Update: The final episode of Wakamonotachi is a bit of an anti-climax with most of the scenes in Episodes 9-10 already summing up the drama.
With one final episode to be released soon, the Japanese drama Wakamonotachi continues to reveal new twists and turns as the stellar cast put on a show that is not perfect, yet can be quite a thrilling ride with dramatic and comedic scenes out to impress (or depress) the viewers.
The Story so far: Asahi (Satoshi Tsumabuki) raised his younger brothers and sister due to the deaths of their parents. Satoru (Eita), the second son, was incarcerated for swindling an old lady of her millions. Hikari (Hikari Mitsushima) is the only girl among the five – is having an affair with a married man, who happens to be the Doctor she works with at the ICU for pediatric patients.
The other members of the family Haru (Tasuku Emoto) and Tadashi (Shuhei Nomura) are both students, with Haru still clinging to his theater club instead of looking for a job while Tadashi is on the verge of manhood, discovering his first love.
There is an unwritten rule among movie reviewers not to reveal important plots, but this may not be as applicable to drama reviews as many J-dorama bloggers/reviewers tend to show the detailed analysis of current and previous dramas.
This may also be the case with other Asian dramas- most particularly Korean dramas – which are considered more popular and more lucrative. Many Asian countries including the Philippines, Indonesia, Thailand and also the US, Canada and some countries in Europe have been celebrating the rising popularity of K-dramas. But not all enjoy these seemingly light, fun, entertaining highly-polished dramas.
So once again, I’m going to ask: Can Wakamonotachi compete with the best Asian drama during its broadcast?
Most definitely so. With only one remaining episode, the drama has proven to be quite the tearjerker it aims to be from the start.
What makes it such an engaging drama? On the other hand, what makes it disappointing to some? Is there a middle ground in all these? Let’s see.
Episode 1-6 center on Mitsushima’s character, but also reveal a lot about the family’s secret – the father’s death and why Asahi is determined to lead the family and support his younger brothers and sister through life.
No one is perfect as we witness how each of them blunder and make serious mistakes, but at the end of the day, it’s the essence of being “a family” that rings so true throughout.
Episode 7-11 is shared by almost everyone regarding spotlight. Tsumabuki and Yu Aoi who both started out tentatively in their quest to form a new family began to have new hope in the future, but not everything is smooth sailing as the baby is premature and struggles to survive. Can she makes it?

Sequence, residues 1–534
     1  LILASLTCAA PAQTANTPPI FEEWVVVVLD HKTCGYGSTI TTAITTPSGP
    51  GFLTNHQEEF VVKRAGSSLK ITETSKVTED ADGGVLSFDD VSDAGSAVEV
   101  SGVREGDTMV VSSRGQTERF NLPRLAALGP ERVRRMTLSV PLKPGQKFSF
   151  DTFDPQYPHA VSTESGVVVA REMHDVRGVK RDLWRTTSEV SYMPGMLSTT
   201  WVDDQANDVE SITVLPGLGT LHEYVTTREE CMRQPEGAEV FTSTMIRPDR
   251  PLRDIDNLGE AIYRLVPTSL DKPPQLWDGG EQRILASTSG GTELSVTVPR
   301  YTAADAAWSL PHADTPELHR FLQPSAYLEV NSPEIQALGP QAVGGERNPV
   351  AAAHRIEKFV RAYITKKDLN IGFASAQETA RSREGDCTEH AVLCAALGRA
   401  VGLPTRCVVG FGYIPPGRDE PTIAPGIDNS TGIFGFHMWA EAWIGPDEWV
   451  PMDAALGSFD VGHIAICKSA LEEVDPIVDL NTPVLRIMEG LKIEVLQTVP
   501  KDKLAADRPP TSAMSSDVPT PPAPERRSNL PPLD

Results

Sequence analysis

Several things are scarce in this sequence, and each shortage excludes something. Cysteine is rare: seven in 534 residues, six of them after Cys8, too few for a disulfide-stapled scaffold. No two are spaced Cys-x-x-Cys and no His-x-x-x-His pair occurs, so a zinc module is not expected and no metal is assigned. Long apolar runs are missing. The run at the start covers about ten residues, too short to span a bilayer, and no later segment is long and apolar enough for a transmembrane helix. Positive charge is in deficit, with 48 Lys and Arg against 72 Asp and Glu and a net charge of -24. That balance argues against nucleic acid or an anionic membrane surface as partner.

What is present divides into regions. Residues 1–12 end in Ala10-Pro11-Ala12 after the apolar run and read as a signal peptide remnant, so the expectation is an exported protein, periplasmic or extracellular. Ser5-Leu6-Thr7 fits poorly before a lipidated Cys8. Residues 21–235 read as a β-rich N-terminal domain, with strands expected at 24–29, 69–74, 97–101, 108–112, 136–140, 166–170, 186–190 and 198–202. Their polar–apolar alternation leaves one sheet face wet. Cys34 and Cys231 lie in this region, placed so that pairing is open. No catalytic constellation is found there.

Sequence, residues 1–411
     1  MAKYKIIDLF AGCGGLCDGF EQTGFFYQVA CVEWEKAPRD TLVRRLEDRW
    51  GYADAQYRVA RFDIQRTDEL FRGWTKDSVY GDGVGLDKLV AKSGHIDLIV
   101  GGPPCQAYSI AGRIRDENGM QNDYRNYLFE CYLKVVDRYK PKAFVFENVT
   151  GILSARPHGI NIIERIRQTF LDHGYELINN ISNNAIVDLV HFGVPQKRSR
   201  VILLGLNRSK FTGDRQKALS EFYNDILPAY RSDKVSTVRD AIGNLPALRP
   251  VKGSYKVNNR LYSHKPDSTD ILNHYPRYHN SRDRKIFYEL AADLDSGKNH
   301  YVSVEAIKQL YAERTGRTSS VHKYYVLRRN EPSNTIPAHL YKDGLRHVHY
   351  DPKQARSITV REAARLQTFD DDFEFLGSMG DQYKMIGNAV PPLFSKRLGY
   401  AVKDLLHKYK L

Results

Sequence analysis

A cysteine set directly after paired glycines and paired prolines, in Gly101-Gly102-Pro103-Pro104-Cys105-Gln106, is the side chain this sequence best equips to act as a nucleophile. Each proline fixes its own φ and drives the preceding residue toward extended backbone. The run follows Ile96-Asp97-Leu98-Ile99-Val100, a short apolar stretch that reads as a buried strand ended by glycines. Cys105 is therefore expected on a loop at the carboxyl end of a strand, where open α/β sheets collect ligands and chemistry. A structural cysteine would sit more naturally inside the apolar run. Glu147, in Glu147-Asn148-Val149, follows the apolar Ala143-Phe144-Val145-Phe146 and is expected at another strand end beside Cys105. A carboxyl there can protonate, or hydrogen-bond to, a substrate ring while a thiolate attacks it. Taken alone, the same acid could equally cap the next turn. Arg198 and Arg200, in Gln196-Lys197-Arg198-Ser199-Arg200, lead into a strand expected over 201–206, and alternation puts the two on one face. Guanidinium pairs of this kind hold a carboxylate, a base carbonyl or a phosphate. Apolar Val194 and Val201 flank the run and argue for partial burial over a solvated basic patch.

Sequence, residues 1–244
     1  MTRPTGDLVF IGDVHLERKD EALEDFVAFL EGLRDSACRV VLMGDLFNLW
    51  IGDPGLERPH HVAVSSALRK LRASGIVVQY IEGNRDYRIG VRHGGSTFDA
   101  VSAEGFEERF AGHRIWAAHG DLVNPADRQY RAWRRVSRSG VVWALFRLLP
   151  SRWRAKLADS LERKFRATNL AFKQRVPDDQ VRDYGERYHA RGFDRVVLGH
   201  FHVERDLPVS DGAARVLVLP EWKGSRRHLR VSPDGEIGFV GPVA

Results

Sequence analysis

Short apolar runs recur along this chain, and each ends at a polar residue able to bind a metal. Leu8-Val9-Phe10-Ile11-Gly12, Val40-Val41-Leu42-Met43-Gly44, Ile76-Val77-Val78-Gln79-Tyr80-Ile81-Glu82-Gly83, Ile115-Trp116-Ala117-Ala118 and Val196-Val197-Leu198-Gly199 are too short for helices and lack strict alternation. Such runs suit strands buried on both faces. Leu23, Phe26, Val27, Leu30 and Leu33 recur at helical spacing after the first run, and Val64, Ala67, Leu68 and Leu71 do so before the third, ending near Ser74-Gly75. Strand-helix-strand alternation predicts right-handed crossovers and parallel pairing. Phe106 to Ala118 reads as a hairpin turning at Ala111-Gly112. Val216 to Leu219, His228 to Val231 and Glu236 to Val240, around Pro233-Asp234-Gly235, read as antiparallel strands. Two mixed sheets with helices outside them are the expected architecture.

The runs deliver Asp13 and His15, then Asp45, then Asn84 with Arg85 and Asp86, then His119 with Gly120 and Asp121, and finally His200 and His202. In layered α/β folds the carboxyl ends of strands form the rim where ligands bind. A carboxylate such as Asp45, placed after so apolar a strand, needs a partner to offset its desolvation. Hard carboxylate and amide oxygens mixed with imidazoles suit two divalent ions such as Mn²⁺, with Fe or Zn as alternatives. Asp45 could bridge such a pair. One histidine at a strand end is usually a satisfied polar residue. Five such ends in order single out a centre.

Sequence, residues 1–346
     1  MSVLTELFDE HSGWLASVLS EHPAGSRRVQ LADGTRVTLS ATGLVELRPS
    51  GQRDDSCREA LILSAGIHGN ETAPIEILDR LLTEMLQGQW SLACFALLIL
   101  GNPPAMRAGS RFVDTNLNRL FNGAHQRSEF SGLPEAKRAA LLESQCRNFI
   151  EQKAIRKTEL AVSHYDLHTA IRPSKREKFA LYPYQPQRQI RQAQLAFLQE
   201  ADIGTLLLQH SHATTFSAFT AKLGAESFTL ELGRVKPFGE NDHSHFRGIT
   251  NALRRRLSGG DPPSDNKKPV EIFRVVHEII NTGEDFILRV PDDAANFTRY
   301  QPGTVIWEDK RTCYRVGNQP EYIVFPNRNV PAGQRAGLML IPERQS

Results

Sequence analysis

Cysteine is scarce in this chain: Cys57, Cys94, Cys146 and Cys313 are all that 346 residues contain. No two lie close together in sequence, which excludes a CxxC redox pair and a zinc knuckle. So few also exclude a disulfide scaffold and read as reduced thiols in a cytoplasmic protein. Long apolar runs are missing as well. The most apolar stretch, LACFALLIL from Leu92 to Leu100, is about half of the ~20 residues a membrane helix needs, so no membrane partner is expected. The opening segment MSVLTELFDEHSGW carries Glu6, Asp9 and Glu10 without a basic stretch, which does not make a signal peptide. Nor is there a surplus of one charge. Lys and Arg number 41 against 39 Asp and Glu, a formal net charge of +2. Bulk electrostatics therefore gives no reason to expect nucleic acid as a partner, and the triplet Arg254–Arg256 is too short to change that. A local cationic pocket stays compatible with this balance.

The Highs and the Lows: A list of highlights and disappointments (?)
Masami Nagasawa, who appears to be just a supporting role, grabs some of the spotlights – revealing the story of an abused and exploited aspiring singer who wants to prove herself to her Mom. I think Nagasawa returns to form here, and it says a lot about her growth as an actress. If you’ve seen her in Crying out Love in the Center of the World, then you can appreciate her dramatic talent.
Ai Hashimoto, who may be considered, one of the most antagonistic (or annoying of the characters) suffered a similar fate as the victim of revenge from Tadashi (Shuhei Nomura) as she fell for Haru, thus the rivalry between brothers.
At the end of the day, what makes it an engaging drama? It’s all about being young and making mistakes – stupid mistakes for some, that makes it special. No one tries to out-act each other, even when Satoshi Tsumabuki appears to be doing his brand of “over-acting” – which maybe a point of contention to other viewers.
An observation of this writer and confirmed by other viewers is the “look and feel” of a particular generation:
… but everything in this drama reeks of the Showa era (definitely feels like a period even before 1994). Not that there is anything wrong with the Showa era, of course (I actually love Japanese dramas and movies that look back on that period with a sense of nostalgia), but it seems like they took a bunch of characters from the period of the original drama (the 1960s) and plopped them into the present day. If it weren’t for the smartphones, the shot of the Sky Tree, and the present day hospital scenes, I would have no trouble believing that this drama is supposed to be taking place some 30 or 40 years ago. [ read more ]
Why is it so easy for the brothers to forgive Shinjo and put all the blame on their sister Hikari? This was considered one of the negative points raised by other reviewers as outlined in details by Heisui @My Drama Tea
I don’t know about a middle ground, as I think you either love the drama or hate it. Perhaps some of you may want to watch it after a few years?
With that said, I want to end the review by quoting a fellow reviewer:
This show has a sneaky way of tugging at your hearts. [ source ]
and I believe that’s what this drama is all about.